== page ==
National Youth DevelopmentInformation Center (NYDIC)(http://www.nydic. org/nydic/)
NYDICs website contains information on youth development in the areas offunding, research, program development,career development, evaluation, policy,and more. It is a project of the NationalCollaboration for Youth.
The National 4-H Council(http://www.fourhcouncil.edu/)
This website contains information onyouth leadership and youth developmentprograms for youth with and without disabilities.
National Dissemination Centerfor Children with Disabilities(http://www.nichcy.org/)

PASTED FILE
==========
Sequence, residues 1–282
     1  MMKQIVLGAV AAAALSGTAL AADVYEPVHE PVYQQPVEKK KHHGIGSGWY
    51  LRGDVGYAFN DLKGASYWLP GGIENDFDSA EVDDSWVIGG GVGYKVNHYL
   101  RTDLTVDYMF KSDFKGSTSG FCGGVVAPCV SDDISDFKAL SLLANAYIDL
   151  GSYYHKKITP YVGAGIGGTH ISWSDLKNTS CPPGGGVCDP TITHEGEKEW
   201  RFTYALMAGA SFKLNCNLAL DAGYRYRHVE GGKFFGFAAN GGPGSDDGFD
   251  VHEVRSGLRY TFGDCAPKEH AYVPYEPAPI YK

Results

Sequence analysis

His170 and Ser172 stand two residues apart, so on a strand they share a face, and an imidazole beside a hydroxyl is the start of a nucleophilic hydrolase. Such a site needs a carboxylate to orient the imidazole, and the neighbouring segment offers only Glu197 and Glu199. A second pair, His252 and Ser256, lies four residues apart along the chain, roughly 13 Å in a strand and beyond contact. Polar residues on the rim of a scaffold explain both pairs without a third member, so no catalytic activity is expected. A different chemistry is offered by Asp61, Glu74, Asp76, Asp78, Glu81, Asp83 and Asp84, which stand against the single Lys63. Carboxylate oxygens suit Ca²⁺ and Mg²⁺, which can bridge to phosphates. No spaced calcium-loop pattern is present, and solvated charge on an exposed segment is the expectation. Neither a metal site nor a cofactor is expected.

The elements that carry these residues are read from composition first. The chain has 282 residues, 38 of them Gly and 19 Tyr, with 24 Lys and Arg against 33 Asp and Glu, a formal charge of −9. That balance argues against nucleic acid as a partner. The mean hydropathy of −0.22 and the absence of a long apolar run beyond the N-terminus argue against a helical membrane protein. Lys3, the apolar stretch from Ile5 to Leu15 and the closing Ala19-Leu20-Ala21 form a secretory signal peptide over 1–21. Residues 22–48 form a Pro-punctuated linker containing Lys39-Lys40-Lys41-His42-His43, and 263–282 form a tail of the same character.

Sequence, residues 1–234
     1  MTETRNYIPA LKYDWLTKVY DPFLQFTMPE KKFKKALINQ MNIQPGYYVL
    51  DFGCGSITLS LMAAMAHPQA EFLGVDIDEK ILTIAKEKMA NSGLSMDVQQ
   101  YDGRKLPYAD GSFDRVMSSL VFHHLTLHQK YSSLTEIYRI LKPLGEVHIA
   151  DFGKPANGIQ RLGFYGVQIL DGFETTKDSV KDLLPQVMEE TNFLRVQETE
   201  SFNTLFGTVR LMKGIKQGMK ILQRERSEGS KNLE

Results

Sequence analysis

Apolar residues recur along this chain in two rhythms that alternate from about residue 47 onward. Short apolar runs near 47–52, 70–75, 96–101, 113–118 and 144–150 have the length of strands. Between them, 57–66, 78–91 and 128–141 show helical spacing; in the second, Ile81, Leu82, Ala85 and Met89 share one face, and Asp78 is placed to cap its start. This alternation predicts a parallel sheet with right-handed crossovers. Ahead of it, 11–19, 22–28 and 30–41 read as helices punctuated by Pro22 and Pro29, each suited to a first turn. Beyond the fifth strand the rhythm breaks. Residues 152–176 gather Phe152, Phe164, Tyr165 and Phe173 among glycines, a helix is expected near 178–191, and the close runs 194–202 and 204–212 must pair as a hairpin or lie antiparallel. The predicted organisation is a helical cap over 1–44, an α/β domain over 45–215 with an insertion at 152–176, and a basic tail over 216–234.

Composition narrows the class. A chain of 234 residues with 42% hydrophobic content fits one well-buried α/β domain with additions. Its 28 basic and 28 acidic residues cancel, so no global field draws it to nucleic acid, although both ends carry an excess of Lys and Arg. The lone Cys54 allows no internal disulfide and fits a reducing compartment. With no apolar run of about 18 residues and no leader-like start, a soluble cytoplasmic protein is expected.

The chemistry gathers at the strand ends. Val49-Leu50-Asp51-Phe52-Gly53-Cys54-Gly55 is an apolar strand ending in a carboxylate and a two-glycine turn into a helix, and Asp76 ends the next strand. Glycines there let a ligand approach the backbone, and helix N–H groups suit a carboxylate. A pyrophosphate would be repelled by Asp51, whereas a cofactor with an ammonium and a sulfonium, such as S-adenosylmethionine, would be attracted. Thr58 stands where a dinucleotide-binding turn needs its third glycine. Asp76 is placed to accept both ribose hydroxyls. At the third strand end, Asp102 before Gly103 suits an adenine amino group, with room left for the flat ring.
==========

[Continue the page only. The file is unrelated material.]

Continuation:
This national information and referral center provides information on disabilitiesand disability-related issues for families,educators, and other professionals.
Parent Training and InformationCenters (http://www.taalliance.org/PTIs.htm)
Located in each state, these centers provide training and information to parents of infants, toddlers, children, andyouth with disabilities and to professionalswho work with children.
RESOURCESRESOURCEScontinued from other side
NCWD/Youth phone: 877-871-0744 (toll free) 877-871-0665 (TTY toll free)
website: http://www.ncwd-youth.info email: firstname.lastname@example.org
48956_IEL_YOUTH_AGSCG 2/1/05 12:09 PM Page 2